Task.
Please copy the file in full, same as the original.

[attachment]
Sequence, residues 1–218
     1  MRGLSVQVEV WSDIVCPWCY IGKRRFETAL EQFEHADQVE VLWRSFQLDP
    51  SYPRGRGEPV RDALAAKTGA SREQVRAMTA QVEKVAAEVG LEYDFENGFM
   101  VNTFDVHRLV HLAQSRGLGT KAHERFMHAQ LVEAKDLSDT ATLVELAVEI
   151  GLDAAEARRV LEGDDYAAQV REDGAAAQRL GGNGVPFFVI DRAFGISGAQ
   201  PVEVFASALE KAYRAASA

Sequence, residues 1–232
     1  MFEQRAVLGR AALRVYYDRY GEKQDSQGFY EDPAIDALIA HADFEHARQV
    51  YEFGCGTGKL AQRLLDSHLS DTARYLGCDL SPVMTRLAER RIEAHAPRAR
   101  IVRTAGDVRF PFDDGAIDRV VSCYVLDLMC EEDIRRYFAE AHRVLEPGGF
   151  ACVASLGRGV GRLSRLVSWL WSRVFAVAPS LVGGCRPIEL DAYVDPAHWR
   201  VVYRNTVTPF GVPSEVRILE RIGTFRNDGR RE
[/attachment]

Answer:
Sequence, residues 1–218
     1  MRGLSVQVEV WSDIVCPWCY IGKRRFETAL EQFEHADQVE VLWRSFQLDP
    51  SYPRGRGEPV RDALAAKTGA SREQVRAMTA QVEKVAAEVG LEYDFENGFM
   101  VNTFDVHRLV HLAQSRGLGT KAHERFMHAQ LVEAKDLSDT ATLVELAVEI
   151  GLDAAEARRV LEGDDYAAQV REDGAAAQRL GGNGVPFFVI DRAFGISGAQ
   201  PVEVFASALE KAYRAASA

Sequence, residues 1–232
     1  MFEQRAVLGR AALRVYYDRY GEKQDSQGFY EDPAIDALIA HADFEHARQV
    51  YEFGCGTGKL AQRLLDSHLS DTARYLGCDL SPVMTRLAER RIEAHAPRAR
   101  IVRTAGDVRF PFDDGAIDRV VSCYVLDLMC EEDIRRYFAE AHRVLEPGGF
   151  ACVASLGRGV GRLSRLVSWL WSRVFAVAPS LVGGCRPIEL DAYVDPAHWR
   201  VVYRNTVTPF GVPSEVRILE RIGTFRNDGR RE